It is said that nobody rings a bell at the stock exchange when the market has hit top tick. But recently it seems that many pundits must have at least heard a faint tinkling.
Everywhere you look, they have been falling over themselves forecasting an imminent dip in the stock market. Such widespread opinions are even featured in the pages of the media (and even made it to the radio, I note).
They reason that the bull market since March 2009 is getting very long in the tooth, volatility is on the floor, complacency is up in the ceiling, and valuations are getting stretched. The market has to fall, surely?
And yesterday, problems at a Portuguese bank surfaced. This seemed to confirm the shaky nature of the banking sector, which lead the way down in stocks in the 2007–2009 crash. Nervous selling resulted.
So is this the end of the bull market? Today, I want to look at sentiment readings and the large wedge patterns I have been following for many weeks to see which way the markets are heading.
You can’t always rely on your ‘gut feeling’
If you have been around the markets for a few years, you will know that bullish conditions can persist for a very long time while the market continues its upward path.
Do you remember the chairman of the Fed, Alan Greenspan, warning of “irrational exuberance” in the stock markets back in December 1996? That phrase has entered market lore and even gave birth to the famous bumper sticker seen during the dotcom crash: “I want to be irrationally exuberant again!”
Well, that dampener wasn’t nearly enough to break up the party – the Nasdaq zoomed higher and only topped over three years later. That’s a painfully long time to be holding a short trade if you merely traded on Greenspan’s words!
Although the above conditions are indeed necessary for a major top, they are not sufficient.
It is one thing to have a ‘gut feeling’ that stocks are too high, but that is a poor basis on which to base your trading decisions.
Normally, I would take this display of pundit bearishness as a contrarian bullish sign, and indeed, many bulls are doing just that. But I believe this is the incorrect reading this time.
What the sentiment readings tell us
The other point about punditry is this: experts usually toe a party line and are naturally averse to changing their opinions. After all, they have based their reputations on maintaining a particular story.
The ‘market is too high’ story has been building for many weeks as the market climbed and has now become mainstream.
But the current market is Janus-faced. While the pundits are expecting a decline, professional money managers are certainly not, judging by the various extreme sentiment readings I follow.
Here is just one amazing chart of the Investors Intelligence survey of US advisors:
(Chart courtesy of www.elliottwave.com)
As you can see, since at least 2005, every time the plurality of bulls over bears reaches the 44-45 level, stocks make a high. But this week, that plurality reached the second highest level since the 1987 top. The highest level was reached in early June.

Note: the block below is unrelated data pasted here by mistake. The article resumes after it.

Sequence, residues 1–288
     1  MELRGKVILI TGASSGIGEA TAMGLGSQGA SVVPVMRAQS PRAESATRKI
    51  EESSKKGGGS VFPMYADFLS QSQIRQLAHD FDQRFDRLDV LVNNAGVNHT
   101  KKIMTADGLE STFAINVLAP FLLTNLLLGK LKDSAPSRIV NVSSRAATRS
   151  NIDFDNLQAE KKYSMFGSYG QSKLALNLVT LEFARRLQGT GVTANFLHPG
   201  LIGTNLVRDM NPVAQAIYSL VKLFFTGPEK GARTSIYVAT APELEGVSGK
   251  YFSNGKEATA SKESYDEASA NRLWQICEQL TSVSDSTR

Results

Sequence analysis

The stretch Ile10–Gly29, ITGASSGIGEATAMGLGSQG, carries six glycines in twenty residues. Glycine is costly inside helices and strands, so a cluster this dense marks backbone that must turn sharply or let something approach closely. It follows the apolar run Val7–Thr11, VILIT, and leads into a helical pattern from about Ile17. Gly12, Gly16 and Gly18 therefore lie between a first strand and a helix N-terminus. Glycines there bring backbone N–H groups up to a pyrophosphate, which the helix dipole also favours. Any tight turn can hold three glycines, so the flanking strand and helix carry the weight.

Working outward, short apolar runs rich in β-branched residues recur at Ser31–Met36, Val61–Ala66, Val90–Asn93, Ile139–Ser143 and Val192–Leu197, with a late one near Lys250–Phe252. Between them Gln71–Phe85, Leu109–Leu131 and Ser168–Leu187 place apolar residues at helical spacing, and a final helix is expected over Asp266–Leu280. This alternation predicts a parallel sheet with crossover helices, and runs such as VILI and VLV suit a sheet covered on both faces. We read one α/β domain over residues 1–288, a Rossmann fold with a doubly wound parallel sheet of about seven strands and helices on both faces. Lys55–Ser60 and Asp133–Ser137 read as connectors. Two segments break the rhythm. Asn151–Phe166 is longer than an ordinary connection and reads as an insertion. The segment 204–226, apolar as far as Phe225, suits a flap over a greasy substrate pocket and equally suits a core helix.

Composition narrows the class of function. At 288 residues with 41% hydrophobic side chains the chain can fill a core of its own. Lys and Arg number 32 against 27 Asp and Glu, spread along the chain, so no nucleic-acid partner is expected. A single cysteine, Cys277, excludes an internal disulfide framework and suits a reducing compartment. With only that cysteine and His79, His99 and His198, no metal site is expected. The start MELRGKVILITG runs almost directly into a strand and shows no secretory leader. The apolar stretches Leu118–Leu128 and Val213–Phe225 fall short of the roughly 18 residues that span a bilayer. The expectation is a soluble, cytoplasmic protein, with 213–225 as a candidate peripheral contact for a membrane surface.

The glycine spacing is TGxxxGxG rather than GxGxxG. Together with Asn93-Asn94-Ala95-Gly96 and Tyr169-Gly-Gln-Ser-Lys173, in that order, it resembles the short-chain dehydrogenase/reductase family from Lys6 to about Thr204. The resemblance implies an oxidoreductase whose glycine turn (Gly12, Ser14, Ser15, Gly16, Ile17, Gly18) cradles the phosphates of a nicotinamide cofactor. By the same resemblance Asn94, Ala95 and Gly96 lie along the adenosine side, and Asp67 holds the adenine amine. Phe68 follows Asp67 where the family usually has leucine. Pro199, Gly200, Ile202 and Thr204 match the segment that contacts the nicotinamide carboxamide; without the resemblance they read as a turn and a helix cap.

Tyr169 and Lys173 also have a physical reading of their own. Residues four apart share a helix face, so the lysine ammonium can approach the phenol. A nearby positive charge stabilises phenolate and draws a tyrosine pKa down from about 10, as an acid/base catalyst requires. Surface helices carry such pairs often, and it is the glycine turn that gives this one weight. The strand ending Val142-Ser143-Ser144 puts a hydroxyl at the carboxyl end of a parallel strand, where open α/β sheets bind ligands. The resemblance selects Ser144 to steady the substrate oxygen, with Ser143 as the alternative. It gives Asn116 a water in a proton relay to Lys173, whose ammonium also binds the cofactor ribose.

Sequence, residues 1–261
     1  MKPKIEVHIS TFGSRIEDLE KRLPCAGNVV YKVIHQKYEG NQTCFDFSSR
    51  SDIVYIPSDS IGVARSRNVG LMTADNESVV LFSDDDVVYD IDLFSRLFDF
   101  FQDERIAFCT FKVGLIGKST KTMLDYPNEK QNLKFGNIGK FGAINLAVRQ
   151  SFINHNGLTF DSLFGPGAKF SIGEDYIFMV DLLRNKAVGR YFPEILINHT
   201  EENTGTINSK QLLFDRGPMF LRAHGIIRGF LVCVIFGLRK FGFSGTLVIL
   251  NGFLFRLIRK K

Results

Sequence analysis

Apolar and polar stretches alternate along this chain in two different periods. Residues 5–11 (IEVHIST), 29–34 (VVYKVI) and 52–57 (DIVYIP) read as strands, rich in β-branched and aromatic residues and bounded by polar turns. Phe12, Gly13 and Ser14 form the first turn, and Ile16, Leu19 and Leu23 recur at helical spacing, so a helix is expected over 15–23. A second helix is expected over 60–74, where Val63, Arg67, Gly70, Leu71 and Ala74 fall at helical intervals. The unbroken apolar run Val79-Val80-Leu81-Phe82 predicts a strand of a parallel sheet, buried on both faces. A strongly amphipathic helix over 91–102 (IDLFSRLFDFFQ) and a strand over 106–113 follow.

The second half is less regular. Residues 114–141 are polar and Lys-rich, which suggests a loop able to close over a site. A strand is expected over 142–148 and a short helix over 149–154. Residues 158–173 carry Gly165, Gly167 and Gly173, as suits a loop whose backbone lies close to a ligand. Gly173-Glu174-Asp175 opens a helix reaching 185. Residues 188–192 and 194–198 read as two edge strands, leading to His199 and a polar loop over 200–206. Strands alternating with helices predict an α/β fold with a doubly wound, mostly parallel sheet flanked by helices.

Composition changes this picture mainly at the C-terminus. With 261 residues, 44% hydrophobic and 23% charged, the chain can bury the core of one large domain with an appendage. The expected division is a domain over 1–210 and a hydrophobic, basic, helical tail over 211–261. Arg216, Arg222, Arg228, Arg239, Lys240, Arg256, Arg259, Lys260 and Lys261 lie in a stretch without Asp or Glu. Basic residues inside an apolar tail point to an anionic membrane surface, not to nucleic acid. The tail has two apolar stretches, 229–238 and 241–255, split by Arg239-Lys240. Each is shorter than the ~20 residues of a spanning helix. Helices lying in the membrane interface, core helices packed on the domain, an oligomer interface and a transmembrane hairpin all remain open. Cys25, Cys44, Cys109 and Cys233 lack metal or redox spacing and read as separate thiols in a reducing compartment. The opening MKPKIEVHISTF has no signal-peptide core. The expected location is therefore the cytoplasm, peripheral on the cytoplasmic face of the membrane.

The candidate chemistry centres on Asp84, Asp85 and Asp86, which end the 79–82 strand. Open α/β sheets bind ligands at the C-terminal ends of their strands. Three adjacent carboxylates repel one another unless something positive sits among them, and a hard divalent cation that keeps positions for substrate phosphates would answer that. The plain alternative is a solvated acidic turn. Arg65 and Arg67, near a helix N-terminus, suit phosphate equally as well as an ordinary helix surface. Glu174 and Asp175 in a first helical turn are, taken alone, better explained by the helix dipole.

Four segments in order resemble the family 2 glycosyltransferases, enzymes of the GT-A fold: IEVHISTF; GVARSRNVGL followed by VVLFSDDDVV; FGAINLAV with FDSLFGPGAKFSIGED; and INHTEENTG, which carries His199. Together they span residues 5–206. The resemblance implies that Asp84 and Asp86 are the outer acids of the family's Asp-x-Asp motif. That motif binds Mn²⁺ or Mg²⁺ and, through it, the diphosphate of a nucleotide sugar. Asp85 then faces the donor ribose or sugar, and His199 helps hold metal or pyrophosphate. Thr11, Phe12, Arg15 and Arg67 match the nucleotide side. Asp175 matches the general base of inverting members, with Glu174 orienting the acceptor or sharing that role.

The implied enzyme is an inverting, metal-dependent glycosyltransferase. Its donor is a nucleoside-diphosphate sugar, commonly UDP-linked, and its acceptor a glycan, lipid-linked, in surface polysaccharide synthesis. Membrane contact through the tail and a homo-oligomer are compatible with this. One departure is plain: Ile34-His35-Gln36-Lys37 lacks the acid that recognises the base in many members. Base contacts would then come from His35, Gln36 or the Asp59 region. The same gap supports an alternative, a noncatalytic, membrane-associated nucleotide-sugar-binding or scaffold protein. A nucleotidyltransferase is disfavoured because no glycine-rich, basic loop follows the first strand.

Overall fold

So, what does this information tell us? Simply that professional advisors have created the biggest net bullish herd in 27 years – surely a very noteworthy event. The vast majority of pros do not expect a bothersome dip – a fact borne out by the very low Vix (fear index) readings.
Has the market top already been hit?
You can now see what I mean by Janus-faced – the pundits are very bearish, while the pros are very bullish. This is typical of a fractured market.
Sentiment-wise, the pundits are closer to the real economy, while the money managers are focused on their next bonus (and whether they can borrow even more to shove into shares).
There has been widespread publicity over the news that the world’s central banks are herding together to buy shares. If so, this is bearish, because central banks are always behind the curve and, like governments, are always fighting the last war.
Wouldn’t it be entirely in keeping with central banks’ record if stocks started heading down now?
Over the past couple of days, the market has declined. So I want to look at where we are in relation to the large wedge patterns I have been following for many weeks. To me, that holds the key to any calls for a top.
Here is my long-term wedge going back over three years:
My verdict? I can claim the trend has turned down when the lower line has been broken. But because the market is mid-way between the lines, the uptrend is intact.
The market’s fear of heights
Let’s zoom in on the shorter-time frame from the February low:
This wedge is very clean with accurate touch points on both lines – including yesterday’s sell-off low (which confirmed the lower line as solid support, so far).
My verdict? With no break of the wedge, the uptrend is intact. It would take a break of yesterday’s low to turn the short-term trend down.
But momentum has been weakening since the March high with a series of lower highs, so buying is drying up.
But with the market sentiment swinging between bullish (the pros) and bearish (the rest of us), I believe volatility will start to increase with wider and wider swings.
Actually, there was a trade on yesterday:
The decline off the 3 July high was reversed at the Tuesday low and the relief rally carried to a precise hit on the Fibonacci 62% level where a low-risk short trade was indicated.
The subsequent plunge of about 200 points was an opportunity for a short-term profit. But the volatile rally off yesterday’s low was a measure of how nervous the market is at these heights.
If you’re a new reader, or need a reminder about some of the methods I refer to in my trades, then do have a look at my introductory videos:• The essentials of tramline trading
• Advanced tramline trading
• An introduction to Elliott wave theory
• Advanced trading with Elliott waves
• Trading with Fibonacci levels
• Trading with 'momentum'
• Putting it all together